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Mobile security: the right way and the wrong way

Should users be pushed or pampered?

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Mobile workshop The team here at Freeform Dynamics has reviewed a lot of projects and gathered a lot of feedback from organisations implementing mobile technology over the years. One of the things we hit on in a report we put together earlier this year was how importance it is to engage and train users to minimise mobility related security risks in the right way.

The "human factor" is, in fact, important to get your head around in across the mobile space, and there's a general consensus among those with more experience of mobile working projects that you ignore this at your cost. The message we hear time and time again is that you need user input when specifying solutions to ensure that devices and applications are fit for purpose and will actually be used as intended to deliver the result you are looking for. You also need users to cooperate in terms of behaviour and practices to keep both risks and cost under control.

One Reg reader, Brett, summed up a lot of what we would regard as best practice in relation to user involvement in a recent mobile workshop post. Here is an extract from what he said:

"I treat our user community as adults. That means that I (as CIO) discuss their needs with them, listen carefully to what they want and what their issues are, then provide a list of solutions that covers their needs. Things like security, confidentiality, improper use of corporate assets - these are open and thoroughly explored, with feedback from the users individually as well as a community incorporated into our mobile technology planning. And it has paid off handsomely for us: our users understand the fundamental issues we're addressing from the company standpoint and have been remarkably resistant to misuse of corporate resources - mainly because we insure that the company takes care of their personal needs as well. We have a consistent set of policies that cover ALL aspects of personal communications, most of which reflects the user's requirements as well as the common corporate goals."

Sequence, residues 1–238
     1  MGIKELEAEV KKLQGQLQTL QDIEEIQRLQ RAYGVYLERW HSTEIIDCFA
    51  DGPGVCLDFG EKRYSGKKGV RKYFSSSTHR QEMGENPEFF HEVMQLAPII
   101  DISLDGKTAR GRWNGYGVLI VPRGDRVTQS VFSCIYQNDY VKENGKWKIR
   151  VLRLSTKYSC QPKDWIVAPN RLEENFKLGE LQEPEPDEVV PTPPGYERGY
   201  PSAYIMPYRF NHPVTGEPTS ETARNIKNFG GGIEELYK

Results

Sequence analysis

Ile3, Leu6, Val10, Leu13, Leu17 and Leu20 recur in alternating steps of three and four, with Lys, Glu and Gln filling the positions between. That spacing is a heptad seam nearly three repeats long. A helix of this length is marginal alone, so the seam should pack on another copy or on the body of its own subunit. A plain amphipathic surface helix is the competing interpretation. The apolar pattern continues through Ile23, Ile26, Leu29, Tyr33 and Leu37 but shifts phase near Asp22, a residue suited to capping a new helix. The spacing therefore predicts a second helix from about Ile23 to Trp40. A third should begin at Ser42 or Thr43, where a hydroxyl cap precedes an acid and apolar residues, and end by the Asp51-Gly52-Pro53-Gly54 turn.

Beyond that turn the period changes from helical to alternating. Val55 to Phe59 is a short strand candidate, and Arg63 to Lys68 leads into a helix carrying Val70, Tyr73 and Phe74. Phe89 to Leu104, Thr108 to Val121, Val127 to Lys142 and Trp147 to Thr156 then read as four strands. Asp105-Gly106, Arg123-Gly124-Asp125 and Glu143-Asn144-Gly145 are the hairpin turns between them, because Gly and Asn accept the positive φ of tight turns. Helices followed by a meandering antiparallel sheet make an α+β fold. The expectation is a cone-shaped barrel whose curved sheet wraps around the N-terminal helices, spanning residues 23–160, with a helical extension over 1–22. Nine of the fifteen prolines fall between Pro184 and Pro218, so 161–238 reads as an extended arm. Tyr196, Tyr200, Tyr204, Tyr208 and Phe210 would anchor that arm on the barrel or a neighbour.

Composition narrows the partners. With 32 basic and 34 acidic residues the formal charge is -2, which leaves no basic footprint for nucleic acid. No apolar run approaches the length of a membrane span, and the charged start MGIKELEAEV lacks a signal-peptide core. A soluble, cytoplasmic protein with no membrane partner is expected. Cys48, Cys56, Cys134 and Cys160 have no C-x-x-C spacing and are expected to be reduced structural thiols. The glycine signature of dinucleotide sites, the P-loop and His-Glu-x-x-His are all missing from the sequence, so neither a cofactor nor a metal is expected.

You can read the rest of Brett's post here, along with some other very good feedback from readers.

But does all this just amount to "pampering" users unnecessarily?

Well, some might think so and advocate a more dictatorial approach by the IT department in which users "get what they are given". Others might like the idea of a collaborative approach, but just think it is impractical in their environment, which is fair enough - Brett, after all, works in a relatively small company, and at the other extreme, getting sensible input from a user base of hundreds or thousands can be a challenge.

Whatever you view of what's desirable or possible, though, we appreciate hearing it, so if you have a minute, why not let us know what you think in our latest poll below:

READER POLL

How many employees do you have in your organisation that connect to your systems or applications from a handheld wireless device for business purposes?

None
1-10
10-50
50-250
250-1,000
More than 1,000

How do these users break out between "professional" and "blue collar" workers (forgive the gross categorisation here, just trying to get a flavour of your installation)?

Exclusively professional
Mostly professional
Even mix
Mostly blue collar
Exclusively blue collar

To what degree have you standardised on devices for professional workers in particular?

We are highly standardised and only support a single model of device
We have a range of standard models that we issue according to user role and need
We have a range of standard models that users can select according to preference
Users can select any device they want, provided they meet certain criteria
Users can select any device they want, with no restrictions
Not applicable

If you have any level of standardisation, to what degree are professional users involved in the standardisation process?

Users drive the process and IT has to fall into line
Users drive the process, but take IT opinion on board
Users and IT collaborate and drive the process together
IT drives the process, but takes user opinion on board
IT drives the process and users have to fall into line

How effective do you think your current policy is at meeting business requirements on a scale of 1 to 5?

1 - Totally Ineffective
2
3
4
5 - Totally Effective

What about meeting the requirements of the IT department in terms of maintenance, management, support and so on?

1 - Totally Ineffective
2
3
4
5 - Totally Effective

As you look forward, do you think your policy needs to change to provide:

More freedom of choice to professional users
Less freedom of choice to professional users
Neither – we have it about right
Not relevant

And with regard to the selection of standard devices, how should your policy change here (if relevant)?

More involvement from professional users
Less involvement from professional users
Neither – we have it about right
Not relevant

Any other thoughts, comments or recommendations?

Thank you, we'll report back at the end of the week.

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